Nova Scotia

Fate of Nova Scotia's $10-a-day child-care deal hinges on federal election

The $605-million agreement between Nova Scotia and Ottawa could be in jeopardy, depending on the outcome of the federal election.

$605M agreement could be in jeopardy depending on outcome of federal election

Magnetic letters are stuck on a white board in a classroom. The $605-million agreement signed between the province and Ottawa could be affected by the outcome of the federal election. (Robert Short/CBC)

The fate of the $10-a-day child-care agreement for Nova Scotia that's been much-lauded by those working in the sector is in the hands of voters across the country.

On July 13, Prime Minister Justin Trudeau and Iain Rankin, the premier at the time, announced a $605-million agreement that would see child-care costs in Nova Scotia halved by the end of 2022 and become on average $10 a day by 2026.

The program would also create 9,500 early learning and child-care spaces in the province by 2025.

During the announcement, Trudeau was asked whether the agreement would be dependent on the Liberals being re-elected. He told reporters the federal-provincial funding agreement was already signed, and that "there is nothing that is contingent on anything happening or not happening in the coming months or year."

But the agreement is not as secure as Trudeau's assurances make it appear, since a federal election is underway.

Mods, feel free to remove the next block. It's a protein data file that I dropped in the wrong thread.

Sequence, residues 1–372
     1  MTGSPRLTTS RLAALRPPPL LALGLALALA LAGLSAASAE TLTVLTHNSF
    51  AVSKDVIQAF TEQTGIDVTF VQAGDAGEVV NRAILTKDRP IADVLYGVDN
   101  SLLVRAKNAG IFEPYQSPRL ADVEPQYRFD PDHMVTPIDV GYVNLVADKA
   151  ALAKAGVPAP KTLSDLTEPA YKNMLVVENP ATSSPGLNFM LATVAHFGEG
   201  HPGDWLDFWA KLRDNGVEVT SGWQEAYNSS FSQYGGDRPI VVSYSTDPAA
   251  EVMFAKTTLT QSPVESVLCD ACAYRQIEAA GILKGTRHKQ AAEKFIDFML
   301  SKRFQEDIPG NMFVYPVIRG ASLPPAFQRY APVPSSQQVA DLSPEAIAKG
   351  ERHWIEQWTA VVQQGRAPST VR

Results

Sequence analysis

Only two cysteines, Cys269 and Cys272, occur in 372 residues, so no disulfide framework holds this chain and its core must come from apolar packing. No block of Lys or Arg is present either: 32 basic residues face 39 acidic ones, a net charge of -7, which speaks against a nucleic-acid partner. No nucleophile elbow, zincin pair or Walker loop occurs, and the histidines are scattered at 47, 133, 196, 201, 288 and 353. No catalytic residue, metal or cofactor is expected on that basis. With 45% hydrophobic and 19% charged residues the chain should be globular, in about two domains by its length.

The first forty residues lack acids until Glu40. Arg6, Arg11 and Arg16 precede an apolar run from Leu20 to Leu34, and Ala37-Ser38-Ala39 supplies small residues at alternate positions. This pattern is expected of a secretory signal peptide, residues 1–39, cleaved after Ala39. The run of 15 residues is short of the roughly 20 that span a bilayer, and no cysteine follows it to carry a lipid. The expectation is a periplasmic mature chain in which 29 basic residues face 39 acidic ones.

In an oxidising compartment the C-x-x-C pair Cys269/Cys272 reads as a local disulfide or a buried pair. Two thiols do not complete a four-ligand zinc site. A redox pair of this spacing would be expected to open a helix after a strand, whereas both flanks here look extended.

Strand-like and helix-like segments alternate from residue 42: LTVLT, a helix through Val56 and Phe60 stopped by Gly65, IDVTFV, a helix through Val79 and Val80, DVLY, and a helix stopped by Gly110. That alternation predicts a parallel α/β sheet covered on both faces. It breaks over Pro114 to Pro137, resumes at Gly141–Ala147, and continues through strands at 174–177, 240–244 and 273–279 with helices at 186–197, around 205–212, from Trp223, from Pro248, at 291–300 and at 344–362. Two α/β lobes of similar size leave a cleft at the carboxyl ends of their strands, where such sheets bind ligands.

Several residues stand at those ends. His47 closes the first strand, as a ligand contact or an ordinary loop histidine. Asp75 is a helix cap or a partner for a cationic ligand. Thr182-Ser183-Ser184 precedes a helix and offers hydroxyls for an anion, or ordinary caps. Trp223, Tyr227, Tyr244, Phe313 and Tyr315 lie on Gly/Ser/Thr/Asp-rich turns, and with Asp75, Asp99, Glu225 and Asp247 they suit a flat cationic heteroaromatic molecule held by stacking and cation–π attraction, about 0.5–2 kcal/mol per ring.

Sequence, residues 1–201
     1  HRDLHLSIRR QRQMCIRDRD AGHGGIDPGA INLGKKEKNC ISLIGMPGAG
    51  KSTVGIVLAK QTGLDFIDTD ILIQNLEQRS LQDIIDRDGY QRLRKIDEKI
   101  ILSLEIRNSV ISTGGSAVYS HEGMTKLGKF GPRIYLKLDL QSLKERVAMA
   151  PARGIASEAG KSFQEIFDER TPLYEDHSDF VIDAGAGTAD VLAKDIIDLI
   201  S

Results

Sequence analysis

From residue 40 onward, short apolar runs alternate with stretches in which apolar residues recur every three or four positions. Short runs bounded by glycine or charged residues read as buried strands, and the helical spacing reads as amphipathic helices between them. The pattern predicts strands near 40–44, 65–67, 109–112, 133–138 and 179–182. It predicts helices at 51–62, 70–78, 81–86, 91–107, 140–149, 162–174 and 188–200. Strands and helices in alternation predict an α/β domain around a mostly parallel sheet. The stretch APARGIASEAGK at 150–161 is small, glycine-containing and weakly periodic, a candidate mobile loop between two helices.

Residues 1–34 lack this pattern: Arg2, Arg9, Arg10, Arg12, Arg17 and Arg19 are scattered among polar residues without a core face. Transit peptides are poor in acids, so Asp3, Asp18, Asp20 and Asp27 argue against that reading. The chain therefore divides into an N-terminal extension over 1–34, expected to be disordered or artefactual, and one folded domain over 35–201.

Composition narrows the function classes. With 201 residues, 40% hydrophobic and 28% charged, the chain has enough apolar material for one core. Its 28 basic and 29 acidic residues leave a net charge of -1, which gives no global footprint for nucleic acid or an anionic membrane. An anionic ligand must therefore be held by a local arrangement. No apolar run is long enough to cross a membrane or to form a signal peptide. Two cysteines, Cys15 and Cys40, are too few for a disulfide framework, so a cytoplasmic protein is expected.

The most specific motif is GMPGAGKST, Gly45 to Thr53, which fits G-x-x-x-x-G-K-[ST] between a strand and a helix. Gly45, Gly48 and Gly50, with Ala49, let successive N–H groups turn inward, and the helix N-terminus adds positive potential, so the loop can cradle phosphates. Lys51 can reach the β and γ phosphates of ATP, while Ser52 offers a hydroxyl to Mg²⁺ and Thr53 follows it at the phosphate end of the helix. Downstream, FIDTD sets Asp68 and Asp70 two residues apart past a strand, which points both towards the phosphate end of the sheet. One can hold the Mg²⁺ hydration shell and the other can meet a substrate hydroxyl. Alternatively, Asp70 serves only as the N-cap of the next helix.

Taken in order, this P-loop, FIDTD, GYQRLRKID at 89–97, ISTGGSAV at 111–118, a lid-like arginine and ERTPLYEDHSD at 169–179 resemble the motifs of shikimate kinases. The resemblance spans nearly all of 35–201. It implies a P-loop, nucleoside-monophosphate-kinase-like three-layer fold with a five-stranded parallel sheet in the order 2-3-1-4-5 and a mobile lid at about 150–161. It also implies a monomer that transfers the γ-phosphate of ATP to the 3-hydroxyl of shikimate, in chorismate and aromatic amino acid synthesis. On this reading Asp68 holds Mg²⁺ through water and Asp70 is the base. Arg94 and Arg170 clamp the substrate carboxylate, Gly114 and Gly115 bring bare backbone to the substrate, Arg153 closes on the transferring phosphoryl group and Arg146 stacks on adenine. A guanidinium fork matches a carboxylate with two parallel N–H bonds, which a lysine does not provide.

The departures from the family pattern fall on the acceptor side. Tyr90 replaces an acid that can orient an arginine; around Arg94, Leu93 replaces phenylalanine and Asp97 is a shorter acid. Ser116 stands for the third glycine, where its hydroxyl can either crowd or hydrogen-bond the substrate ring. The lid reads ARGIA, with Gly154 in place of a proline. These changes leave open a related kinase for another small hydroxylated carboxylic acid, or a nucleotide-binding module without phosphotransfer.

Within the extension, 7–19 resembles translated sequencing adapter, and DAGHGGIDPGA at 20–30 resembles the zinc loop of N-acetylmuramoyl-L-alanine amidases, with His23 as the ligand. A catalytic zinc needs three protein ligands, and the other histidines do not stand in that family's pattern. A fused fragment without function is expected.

Former Nova Scotia premier Iain Rankin speaks at an announcement about child-care funding in July, while Liberal Party Leader Justin Trudeau looks on from a video link to the news conference. (CBC)

Jim Bickerton, a professor in the political science department at St. Francis Xavier University in Antigonish, N.S., said government agreements are not set in stone for time immemorial.

"In no way, I think, could you say that these are ironclad agreements and that it doesn't matter who wins the election."

Bickerton said a new government would not be legally obliged to follow through on the Liberal commitment — as evidenced, for example, by the Stephen Harper Conservative government's cancellation in 2006 of child-care agreements with 10 provinces negotiated for the Liberals under Paul Martin.

Conservative, NDP plans

The federal Conservative Party has said a Conservative government would scrap the Liberal child-care agreements — which have been signed by eight provinces and territories — in favour of tax credits.

The party's platform calls for the existing child-care expense tax deduction to be converted into a refundable tax credit that would be paid out during the year and cover up to 75 per cent of child-care costs for low-income families.

The party estimates that a family with an income of $30,000 would get up to $6,000, a family with an income of $50,000 would get $5,200 and a family with $80,000 in income would get $4,800.

The NDP has said it would also build a $10-a-day child-care system across Canada, create more child-care spaces and improve the pay of workers in the sector.

Nova Scotia Premier Tim Houston said Thursday he hopes any new federal government honours the agreement "unless they're proposing a better deal."

Houston said his government will be pushing the federal government "to make sure Nova Scotians are supported and that child care specifically is focused on."